What is our highest value? In Jewish tradition, two rabbis debate the question of what constitutes the Torah's most central commandment. Rabbi Akiva insists on "Love your neighbor as yourself" (Leviticus 19:18) while Ben Azzai holds that the assertion in Genesis that every human being is created in God's image, b'tzelem elohim, is more critical. The inherent sacredness of each person, friend and enemy, becomes the basis of the Jewish opposition to torture and standard by which American policies are evaluated.
But we cannot forget the importance of Rabbi Akiva's assertion that the Jewish version of the Golden Rule is the highest value in the Torah. Our own desires for safety, well-being and peace are transferred onto our fellow, sacred human beings. The rabbis stated that one good deed leads to another, and that with one act of wrongdoing, another inevitably follows. If we follow the Golden Rule, we set an example to both our friends and enemies for honorable behavior, even in difficult times. And if we treat others abominably, no matter how much they wish to harm us, then we create justifications for torture and cruelty.
When we imagine how America should treat suspected terrorists in its custody, we have to keep in mind how we would want our own troops treated if they fell into enemy hands. Indeed, a desire to keep safe our sons and daughters serving our country is one of the primary reasons that many Americans oppose the use of torture against suspected terrorists. We have already seen the effects of the photos of Abu Ghraib and Guantanamo in stirring anti-American sentiment, and oppressive regimes around the globe justify torturing pro-democracy activists by labeling them "terrorists." When President Obama signed an Executive Order his first day in office making the Army Field Manual the standard for American interrogations, he reaffirmed the centrality of the Golden Rule in keep us safer.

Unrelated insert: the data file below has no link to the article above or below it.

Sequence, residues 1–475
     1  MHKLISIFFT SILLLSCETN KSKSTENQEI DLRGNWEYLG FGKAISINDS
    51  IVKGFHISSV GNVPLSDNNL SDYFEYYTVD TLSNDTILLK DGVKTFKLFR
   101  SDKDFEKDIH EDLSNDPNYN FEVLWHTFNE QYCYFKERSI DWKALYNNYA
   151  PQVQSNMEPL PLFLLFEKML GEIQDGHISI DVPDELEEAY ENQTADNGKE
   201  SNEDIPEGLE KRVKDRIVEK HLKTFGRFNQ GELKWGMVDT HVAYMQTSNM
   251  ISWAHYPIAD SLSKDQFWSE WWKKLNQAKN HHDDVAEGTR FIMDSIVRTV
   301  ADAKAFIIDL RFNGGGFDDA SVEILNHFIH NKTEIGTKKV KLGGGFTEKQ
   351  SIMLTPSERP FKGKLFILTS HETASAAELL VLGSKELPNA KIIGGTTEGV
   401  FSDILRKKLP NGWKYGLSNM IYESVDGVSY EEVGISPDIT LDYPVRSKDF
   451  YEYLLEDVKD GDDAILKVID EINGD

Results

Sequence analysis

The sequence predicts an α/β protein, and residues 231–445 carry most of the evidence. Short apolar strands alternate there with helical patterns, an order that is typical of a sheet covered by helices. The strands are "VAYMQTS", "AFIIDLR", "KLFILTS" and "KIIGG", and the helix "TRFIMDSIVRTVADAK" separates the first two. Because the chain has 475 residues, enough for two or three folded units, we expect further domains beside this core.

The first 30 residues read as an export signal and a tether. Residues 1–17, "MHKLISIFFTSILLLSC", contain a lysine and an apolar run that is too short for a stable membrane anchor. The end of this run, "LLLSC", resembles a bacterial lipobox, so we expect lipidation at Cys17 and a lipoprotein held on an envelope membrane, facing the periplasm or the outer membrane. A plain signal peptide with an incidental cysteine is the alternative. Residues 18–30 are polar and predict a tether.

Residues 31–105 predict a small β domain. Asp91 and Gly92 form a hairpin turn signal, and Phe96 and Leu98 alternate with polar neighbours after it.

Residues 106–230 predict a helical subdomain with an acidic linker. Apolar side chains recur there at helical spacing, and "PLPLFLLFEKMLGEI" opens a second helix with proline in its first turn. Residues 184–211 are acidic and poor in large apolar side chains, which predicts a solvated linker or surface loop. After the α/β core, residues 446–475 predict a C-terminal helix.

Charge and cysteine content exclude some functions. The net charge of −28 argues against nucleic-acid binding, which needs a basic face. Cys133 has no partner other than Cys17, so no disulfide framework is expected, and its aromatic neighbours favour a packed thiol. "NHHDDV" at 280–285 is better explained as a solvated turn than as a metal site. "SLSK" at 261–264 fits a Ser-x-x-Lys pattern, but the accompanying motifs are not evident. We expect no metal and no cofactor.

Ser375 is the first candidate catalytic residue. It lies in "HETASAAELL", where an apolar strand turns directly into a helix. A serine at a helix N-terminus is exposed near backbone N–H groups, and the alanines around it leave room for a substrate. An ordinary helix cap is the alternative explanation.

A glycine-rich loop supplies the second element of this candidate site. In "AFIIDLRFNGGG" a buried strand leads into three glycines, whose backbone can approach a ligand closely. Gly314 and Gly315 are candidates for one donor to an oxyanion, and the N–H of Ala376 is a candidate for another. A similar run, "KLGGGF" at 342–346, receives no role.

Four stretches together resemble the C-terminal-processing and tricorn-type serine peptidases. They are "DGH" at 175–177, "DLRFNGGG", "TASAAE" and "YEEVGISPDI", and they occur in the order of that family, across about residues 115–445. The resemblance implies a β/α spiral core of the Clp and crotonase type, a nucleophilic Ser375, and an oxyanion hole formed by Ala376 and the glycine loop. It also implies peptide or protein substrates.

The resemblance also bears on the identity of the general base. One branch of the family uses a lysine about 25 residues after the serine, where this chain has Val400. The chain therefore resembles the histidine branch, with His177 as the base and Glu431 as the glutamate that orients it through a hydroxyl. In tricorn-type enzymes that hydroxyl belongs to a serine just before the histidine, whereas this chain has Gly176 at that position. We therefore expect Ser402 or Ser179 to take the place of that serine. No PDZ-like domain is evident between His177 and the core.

But there are those who would jettison the Golden Rule out of a misguided concern for security. During the recent debate on the Ayotte Amendment to the National Defense Authorization Act, which would have allowed for a classified list of interrogation techniques outside the Army Field Manual, Senator Lieberman argued for terrorizing detainees. Concerned because the Army Field Manual is a public document, he insisted that for interrogations to be successful, detainees had to be in a state of fear about what might happen to them in American custody.
Senators Lieberman and Ayotte insisted that the Amendment would not promote a return to the classified use of torture because torture is illegal under national and international laws. But our recent past shows how easy it is for a new Administration to twist the law to define torture out of existence when creating extreme interrogation methods. And if those methods are classified, we as citizens will never know that torture has returned -- all in the name of frightening suspected terrorists.
A man once came to the sage Hillel and asked to be taught the entire Torah while he stood on one foot. Hillel replied: "What is hateful to you, do not to your neighbor: that is the whole Torah; the rest is commentary." Hillel understood that without the Golden Rule, all other rules lose their grounding.
As a nation, we must not lose sight of our goal of maintaining safety while promoting American values through embodying them in laws and behavior. Our country should be focused on ending terrorism, not on terrorizing others. We do not have the privilege to jettison our values in the name of safety. While Senator Lieberman has served honorably in the U.S. Senate, and is well-known for his deep and abiding faith, he is wrong to believe that our country should focus on instilling terror in others. He and others in the Senate who supported the Ayotte Amendment forget that America is made safer when America lives by the values it professes. We must inspire -- not fear in suspected terrorists but democracy, compassion and a community of nations guided by the Golden Rule.
The Morning Email helps you start your workday with everything you need to know: breaking news, entertainment and a dash of fun. Learn more